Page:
Improving web page load times boosts revenue (Part 2)

Previously, we talked about the serious detriment slow web page load times can have on your revenue and the efficacy of your online marketing.

Factors that can influence its speed include the number and size of images you have on your site, the quality of your site design, and the speed of your server. People used to put up with a 4 second delay when waiting for a web page to load, but these days they only allow 2 seconds, which puts a lot of pressure on you and your web designer. Luckily, there are several ways you can go about fixing slow load times.

Use a web page analyzer

A web page analyzer can tell you several important pieces of data about a web page, including its size, composition, and download time. The size is determined by the amount of pixels, graphics, and other elements you include on the page. You can also see a breakdown of how big each element is, which script (HTML or CSS) was used to apply it, how many scripts there are, and how many iframes. You don’t have to pay for this service—there are free ways to do it on the web, though you can only do one page at a time.

I used a web page analyzer on an article from Forbes.com. The web page analyzer returned several interesting pieces of advice, showing even a well-financed and highly popular website has things it can improve. For instance, the page I analyzed had 76 objects. The analyzer said, “Above 20 objects per page . . . accounts for more than 80% of whole page latency. . . . Combine, refine, and optimize your external objects.” It also suggested reducing the size of the images, which was 457275 bytes, to add up to less than 100k bytes. This can be done by compressing the images or changing them from JPG to PNG or by using Yahoo’s online tool Smush.it.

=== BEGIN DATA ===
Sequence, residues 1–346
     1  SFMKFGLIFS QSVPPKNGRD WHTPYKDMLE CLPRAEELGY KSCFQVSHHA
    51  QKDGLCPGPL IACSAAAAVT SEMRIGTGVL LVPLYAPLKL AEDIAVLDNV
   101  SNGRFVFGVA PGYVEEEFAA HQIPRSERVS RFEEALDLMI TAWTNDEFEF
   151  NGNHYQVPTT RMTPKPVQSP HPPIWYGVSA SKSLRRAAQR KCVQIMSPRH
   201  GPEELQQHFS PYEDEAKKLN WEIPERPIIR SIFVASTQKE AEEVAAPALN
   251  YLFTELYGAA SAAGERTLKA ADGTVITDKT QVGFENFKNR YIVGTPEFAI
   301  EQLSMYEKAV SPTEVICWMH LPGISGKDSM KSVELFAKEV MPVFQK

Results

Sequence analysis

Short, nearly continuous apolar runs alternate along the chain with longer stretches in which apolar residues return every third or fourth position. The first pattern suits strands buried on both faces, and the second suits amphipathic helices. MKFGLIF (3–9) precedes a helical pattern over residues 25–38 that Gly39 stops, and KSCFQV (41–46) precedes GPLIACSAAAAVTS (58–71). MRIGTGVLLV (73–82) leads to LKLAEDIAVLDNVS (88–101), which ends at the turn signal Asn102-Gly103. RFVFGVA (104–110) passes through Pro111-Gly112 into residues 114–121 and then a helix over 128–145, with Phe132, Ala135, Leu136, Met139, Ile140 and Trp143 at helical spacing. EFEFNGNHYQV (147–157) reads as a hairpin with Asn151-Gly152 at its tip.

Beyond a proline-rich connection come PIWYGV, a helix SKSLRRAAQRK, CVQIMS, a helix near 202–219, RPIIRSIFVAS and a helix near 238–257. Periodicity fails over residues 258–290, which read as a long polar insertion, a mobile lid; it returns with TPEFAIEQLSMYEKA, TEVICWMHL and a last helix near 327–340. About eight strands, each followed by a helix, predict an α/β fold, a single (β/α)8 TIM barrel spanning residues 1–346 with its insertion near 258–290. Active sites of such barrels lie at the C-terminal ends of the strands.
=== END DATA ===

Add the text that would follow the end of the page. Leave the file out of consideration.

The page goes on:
Invest in a dedicated server

You’re sure to notice a significant difference in your load time when you invest in a dedicated web server for your site. Though it’s a bigger upfront fee, Mike Quinn, president of Yellow Bridge Interactive, said, “Being on a slow server can cost you even more in sales long term.”

Utilize a CDN

If your site is very large, you’d be well served in getting a content delivery network (CDN) which allows you to host static cont (images, videos, audio clips, etc.) from multiple sites. Quinn explained, “The closer a CDN server is to a site visitor, the faster the content will be delivered to the visitor’s computer or mobile device.”

Source:

Forbes

Web Analyzer

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